Jackson's early recordings fit squarely into traditional rhythm and blues categories, and included two singles that made the Top Ten: "Ask Me What You Want" and "My Man a Sweet Man." She developed her stage personality as she developed her raps in her live performances, in which she often talked about sex. "Sex is always a good subject," she told Essence. "People always been cheatin' and always will be.... [My songs] give people something to talk about and keeps their minds off their problems." She has also acted as something of a role model and spokesperson for women. "Women come to me all the time to comment on what I'm doing," she explained to Essence. "Maybe it's because I'm saying something they want to say."
In 1974 Jackson scored a big hit with the release of Caught Up. This album, which contained country-western and rock tunes as well as soul, was the first successful concept album by a female singer, describing a love triangle from the perspectives of both the wife and the "other woman." It was her first album to contain raps developed from her concerts, and it was the first to contain explicitly sexual talk. It was also her first album to go gold.
Jackson's next album, Still Caught Up, continued with the same themes and also went gold. After her initial albums drew some complaints about her frank language and subject matter, she recorded a couple of tamer albums. She described the results in High Fidelity: "After I saw the sales I tapped on a few desks and said, 'I'm gonna do what the hell I want and if it doesn't sell it's my career.'... I went back into the studio and did Feelin' Bitchy and it was the biggest album I ever had." She did not change her style again.
Jackson's success has been something of an anomaly in the music industry. Usually a song's financial success depends almost completely on how much airplay it gets--recordings that are played frequently on the radio sell well. In the late 1970s and early 1980s, few radio stations played Jackson's songs because of their explicit lyrics, and few radio and television talk shows invited her to appear.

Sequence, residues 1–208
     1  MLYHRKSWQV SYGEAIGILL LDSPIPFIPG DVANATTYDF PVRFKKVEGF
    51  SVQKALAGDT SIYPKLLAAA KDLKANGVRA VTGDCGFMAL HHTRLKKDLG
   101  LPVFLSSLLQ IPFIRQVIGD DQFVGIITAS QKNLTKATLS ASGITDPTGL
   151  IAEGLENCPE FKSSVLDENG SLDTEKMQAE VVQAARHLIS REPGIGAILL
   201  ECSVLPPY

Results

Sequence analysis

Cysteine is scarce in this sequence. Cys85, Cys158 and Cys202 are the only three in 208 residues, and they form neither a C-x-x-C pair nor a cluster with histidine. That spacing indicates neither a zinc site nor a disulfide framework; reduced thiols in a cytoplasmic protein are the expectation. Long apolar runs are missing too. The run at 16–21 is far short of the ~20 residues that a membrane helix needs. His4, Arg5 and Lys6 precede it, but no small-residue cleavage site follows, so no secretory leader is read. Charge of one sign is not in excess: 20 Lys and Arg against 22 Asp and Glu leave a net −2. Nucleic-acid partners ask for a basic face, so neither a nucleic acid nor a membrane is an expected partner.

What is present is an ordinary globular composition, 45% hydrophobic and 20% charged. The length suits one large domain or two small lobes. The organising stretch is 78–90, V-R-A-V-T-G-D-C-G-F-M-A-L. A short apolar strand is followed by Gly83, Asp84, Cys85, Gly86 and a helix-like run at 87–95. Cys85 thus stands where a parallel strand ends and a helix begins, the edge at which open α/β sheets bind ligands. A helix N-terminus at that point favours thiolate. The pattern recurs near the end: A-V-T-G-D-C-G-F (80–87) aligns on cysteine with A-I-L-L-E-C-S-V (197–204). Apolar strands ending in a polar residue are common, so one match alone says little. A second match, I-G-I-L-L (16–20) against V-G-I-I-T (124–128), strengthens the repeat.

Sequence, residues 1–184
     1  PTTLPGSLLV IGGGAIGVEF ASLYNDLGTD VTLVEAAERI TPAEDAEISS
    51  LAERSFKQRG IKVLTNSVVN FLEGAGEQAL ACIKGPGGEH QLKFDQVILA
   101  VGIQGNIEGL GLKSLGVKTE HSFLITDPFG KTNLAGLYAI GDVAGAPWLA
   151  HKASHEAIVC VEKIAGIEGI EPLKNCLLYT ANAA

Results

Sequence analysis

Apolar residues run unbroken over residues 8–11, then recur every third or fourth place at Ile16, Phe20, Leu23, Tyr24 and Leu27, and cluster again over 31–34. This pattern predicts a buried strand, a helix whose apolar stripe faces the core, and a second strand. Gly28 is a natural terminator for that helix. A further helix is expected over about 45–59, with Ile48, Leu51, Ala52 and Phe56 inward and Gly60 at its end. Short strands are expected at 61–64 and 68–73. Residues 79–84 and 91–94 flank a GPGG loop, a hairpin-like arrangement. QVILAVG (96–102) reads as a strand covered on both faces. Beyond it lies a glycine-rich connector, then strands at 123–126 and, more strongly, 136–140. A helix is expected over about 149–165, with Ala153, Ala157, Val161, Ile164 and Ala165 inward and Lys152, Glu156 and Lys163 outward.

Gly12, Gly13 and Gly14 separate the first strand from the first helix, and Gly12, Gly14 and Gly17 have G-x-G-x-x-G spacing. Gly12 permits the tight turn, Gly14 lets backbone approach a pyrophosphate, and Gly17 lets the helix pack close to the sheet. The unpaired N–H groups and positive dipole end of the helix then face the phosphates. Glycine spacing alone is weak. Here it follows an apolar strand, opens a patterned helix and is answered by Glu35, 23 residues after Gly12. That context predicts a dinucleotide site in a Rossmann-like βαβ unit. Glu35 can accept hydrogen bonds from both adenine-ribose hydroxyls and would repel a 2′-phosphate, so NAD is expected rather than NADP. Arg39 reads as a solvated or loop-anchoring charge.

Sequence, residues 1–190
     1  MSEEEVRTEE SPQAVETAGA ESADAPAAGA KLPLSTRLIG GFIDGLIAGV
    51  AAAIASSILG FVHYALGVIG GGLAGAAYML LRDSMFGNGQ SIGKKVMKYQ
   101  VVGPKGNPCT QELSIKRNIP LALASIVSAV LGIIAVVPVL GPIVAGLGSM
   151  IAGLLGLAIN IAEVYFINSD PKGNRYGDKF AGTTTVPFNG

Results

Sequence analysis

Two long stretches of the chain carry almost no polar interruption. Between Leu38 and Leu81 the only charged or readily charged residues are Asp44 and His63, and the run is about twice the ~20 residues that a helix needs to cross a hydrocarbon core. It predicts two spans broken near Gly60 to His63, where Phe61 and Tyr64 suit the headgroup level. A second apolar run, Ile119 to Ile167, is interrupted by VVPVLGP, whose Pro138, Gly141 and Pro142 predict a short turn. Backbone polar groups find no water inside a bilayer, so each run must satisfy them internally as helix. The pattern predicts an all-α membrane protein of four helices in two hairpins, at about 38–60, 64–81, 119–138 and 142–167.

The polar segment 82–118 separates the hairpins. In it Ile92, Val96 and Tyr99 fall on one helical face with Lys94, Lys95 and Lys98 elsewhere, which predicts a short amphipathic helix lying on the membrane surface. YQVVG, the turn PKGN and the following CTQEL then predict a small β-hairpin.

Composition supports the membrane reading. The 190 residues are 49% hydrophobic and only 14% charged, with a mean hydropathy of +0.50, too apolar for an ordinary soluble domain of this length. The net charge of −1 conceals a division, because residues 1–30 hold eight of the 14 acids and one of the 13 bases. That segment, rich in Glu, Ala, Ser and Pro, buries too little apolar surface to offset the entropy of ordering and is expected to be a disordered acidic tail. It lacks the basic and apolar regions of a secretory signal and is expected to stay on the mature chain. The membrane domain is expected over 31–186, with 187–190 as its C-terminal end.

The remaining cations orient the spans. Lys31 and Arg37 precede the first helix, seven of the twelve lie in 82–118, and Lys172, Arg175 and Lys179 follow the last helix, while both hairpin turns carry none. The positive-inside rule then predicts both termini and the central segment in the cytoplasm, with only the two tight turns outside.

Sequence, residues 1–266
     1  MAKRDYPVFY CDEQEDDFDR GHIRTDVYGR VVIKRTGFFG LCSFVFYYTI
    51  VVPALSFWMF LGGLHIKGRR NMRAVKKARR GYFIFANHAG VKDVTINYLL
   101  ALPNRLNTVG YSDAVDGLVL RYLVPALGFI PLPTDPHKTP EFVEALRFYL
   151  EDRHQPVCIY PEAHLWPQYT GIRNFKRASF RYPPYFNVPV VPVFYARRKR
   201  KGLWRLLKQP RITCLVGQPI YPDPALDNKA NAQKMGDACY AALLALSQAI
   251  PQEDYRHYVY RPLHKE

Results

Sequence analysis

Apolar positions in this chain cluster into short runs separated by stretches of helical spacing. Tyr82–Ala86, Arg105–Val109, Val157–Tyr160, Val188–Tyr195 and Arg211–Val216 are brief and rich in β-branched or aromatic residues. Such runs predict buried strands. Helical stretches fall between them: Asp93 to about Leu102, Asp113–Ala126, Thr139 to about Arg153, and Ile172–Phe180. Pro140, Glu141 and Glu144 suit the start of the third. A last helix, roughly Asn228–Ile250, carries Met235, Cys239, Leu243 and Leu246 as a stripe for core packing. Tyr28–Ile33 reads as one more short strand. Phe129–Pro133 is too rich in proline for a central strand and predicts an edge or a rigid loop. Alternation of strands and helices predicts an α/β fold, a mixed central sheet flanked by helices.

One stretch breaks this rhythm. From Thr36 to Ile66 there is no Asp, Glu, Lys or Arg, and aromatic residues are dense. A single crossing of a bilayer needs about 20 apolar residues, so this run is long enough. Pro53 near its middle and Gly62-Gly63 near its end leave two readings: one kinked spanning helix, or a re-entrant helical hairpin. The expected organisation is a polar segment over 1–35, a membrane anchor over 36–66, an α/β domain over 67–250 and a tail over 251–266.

Even when Jackson did appear on shows, she rarely had a chance to really talk. "They always expect you to go completely off [the air] and say all those dirty words. You get to sing your song sometimes, but they never let you say anything," she explained to Rolling Stone. "Then when the show's over and you're backstage talking, they realize you have a brain in your head slightly larger than the size of a pea, but the show is over with, so you gotta wait until you get your next hit record maybe."
Even Jackson's clean albums did not receive radio play. "When I have a clean album, nobody'll play it. They say it's not Millie," she told Rolling Stone. In the long run, she does not waste too much time worrying about the radio. "I found out it doesn't make too much sense to gear yourself for radio anyway," she observed in Rolling Stone. "I'm one of those few artists whose albums people will buy without hearing. But I've had Number One R&B records that got no pop play at all."
In 1994, however, Jackson released Rock N' Soul, a collection of 11 tracks of varied styles, ranging from a cover of country singer Vince Gill's "Whenever You Come Around" to rockers Def Leppard's "Pour Some Sugar on Me." Billboard's J. R. Reynolds noted that the album marked "a more conservative approach" in the singer's career, as it left out the racy lyrics and off-color poetry in favor straight-ahead rock and R&B. Reynolds reported that the move was due to Jackson's disapproval of much of what is on the airwaves. Jackson remarked in Billboard, "It all sounds the same, and I wanted to show you can make different kinds of good music."